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Last update: May 2024

The 2004 suspended Constitution of the former government explicitly recognised 14 ethnic groups: Pashtun, Tajik, Hazara, Uzbek, Turkmen, Baluch, Pachaie, Nuristani, Aymaq, Arab, Qirghiz, Qizilbach, Gujur, Brahwui, ‘and other tribes’. There are various estimates of the relative sizes of the ethnic groups. Estimates of the share of Pashtuns ranged from 40 to 50 % of the population, Tajiks 25–27 %, Hazaras 9–18 %, Uzbeks 6–15 %, and Turkmen 1.5–3 % [Targeting 2022, 6.1., p. 126].

The predominant religion in Afghanistan is Islam. More than 99 % of the population are estimated to be Muslims. The majority are Sunni of the Hanafi School of jurisprudence. 10–15 % of the population are Shia, most of whom are Hazara. Most Shia Muslims in the country adhere to the Jafari School of jurisprudence, but there is also a small community of Ismaili Shias [Targeting 2022, 6.1., p. 126].

The Taliban have not enacted any formal discriminatory policies against ethnic or religious groups. However, non-Pashtun groups are poorly represented in public positions. The lack of representation negatively impacts non-Pashtun groups and marginalises their possibilities to participate in decision-making processes. [Country Focus 2023, 4.5.1., p. 82]  

Shortly after the takeover, the Taliban stated, that human rights in general would be respected in Afghanistan ‘within the framework of Islamic law’. No specific mention was made of religious freedom. Afghanistan experts observed that, in theory, the Taliban leadership generally respected minorities, but in practice Taliban rank-and-file often did not [Country Focus 2023, 4.5.1., p. 82].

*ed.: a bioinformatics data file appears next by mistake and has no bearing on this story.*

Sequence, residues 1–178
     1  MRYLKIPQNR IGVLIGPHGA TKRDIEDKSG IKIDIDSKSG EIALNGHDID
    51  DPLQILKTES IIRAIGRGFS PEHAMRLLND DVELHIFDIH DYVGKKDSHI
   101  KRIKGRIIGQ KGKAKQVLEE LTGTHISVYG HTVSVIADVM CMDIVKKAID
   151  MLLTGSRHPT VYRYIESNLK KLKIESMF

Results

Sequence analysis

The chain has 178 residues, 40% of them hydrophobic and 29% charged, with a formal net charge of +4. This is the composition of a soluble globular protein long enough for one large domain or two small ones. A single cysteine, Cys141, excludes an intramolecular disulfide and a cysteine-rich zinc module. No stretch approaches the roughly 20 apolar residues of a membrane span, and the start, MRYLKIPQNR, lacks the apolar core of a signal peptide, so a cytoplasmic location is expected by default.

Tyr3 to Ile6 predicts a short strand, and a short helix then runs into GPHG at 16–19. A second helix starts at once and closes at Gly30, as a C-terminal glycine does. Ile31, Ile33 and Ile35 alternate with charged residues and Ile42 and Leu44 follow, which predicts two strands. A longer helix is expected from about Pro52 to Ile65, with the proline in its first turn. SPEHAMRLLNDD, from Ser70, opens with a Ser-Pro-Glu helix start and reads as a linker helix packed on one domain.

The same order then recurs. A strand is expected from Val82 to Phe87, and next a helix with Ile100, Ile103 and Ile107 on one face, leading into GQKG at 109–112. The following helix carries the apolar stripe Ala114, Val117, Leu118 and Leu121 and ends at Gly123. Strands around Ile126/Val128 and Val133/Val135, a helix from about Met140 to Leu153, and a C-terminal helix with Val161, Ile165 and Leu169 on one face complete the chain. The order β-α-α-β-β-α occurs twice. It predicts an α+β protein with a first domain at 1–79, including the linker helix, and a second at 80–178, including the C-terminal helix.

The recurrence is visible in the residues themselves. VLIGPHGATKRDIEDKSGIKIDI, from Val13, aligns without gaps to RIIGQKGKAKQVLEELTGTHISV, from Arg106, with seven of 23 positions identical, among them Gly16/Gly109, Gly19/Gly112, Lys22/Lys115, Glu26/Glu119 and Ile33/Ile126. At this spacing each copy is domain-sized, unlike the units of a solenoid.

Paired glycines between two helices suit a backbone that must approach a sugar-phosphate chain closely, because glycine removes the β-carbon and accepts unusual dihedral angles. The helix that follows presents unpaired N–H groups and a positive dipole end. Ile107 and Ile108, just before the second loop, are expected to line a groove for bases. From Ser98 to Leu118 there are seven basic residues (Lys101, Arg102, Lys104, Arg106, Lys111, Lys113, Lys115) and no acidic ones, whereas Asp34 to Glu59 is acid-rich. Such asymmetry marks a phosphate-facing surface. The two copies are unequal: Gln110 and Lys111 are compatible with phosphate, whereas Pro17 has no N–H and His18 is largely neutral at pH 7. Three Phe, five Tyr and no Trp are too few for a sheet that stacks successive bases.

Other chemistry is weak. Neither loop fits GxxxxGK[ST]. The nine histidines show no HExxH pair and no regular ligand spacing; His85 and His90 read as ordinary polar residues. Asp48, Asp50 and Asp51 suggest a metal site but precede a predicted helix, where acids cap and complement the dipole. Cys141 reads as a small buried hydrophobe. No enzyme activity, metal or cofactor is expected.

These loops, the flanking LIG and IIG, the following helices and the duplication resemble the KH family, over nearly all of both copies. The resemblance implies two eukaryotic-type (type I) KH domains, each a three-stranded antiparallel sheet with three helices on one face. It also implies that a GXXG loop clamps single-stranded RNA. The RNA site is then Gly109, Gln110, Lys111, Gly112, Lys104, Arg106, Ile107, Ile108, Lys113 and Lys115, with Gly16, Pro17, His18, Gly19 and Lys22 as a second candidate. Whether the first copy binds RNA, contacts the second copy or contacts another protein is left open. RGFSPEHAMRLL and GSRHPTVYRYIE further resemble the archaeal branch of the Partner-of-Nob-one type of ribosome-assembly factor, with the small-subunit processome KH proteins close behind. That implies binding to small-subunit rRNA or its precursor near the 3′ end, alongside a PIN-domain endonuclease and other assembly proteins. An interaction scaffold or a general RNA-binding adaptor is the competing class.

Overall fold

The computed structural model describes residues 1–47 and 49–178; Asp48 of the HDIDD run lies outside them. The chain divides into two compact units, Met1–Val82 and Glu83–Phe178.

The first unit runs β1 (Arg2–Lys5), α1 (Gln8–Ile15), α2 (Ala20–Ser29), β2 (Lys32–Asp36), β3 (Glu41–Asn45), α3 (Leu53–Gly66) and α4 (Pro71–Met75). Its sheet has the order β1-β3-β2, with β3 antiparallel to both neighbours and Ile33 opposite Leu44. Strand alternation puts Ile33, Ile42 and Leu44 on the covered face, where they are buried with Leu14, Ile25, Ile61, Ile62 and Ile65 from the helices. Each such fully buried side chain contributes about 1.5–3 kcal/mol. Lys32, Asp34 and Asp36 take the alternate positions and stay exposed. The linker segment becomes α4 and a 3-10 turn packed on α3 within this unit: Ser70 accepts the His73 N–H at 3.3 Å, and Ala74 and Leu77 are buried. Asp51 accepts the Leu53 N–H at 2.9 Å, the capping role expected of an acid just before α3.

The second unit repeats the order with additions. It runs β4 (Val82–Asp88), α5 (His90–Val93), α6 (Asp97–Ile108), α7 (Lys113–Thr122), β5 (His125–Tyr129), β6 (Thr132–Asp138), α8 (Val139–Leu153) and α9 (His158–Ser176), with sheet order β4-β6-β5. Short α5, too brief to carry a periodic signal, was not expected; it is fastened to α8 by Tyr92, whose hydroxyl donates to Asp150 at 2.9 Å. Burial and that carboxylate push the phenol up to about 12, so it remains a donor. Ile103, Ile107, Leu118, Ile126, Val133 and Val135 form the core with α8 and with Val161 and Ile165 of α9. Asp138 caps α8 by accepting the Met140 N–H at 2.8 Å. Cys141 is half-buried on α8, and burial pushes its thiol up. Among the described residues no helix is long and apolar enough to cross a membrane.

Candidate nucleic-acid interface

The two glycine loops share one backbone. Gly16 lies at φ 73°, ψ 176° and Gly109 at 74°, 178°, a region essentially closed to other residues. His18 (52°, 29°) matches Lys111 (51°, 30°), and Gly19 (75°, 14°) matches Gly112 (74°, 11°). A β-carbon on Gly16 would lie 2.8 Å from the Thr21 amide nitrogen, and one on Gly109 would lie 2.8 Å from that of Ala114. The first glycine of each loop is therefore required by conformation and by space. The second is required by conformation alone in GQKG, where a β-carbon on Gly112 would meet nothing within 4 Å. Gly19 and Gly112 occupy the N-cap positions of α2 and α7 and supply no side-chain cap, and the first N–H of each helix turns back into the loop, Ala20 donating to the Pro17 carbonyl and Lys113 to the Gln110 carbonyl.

Since August 2021, religious freedom conditions have deteriorated. The de facto authorities have not only enforced a harsh interpretation of sharia, but have also failed to provide ethnic and religious communities with safety and security against violence perpetrated towards them by ISKP and by ‘factions of the Taliban itself’. Physical and verbal attacks against religious minorities have been reported. Furthermore, since 15 August 2021, a pattern of forced evictions and land grabbing based on ethnicity or political association was reported. Members of religious minorities, including Christians, Ahmadiyya Muslims, Baha’is, and nonbelievers have not been able to openly express their faith and belief [Country Focus 2023, 1.2., p. 21; 4.3.3., p. 69; 4.5.2., p. 84].

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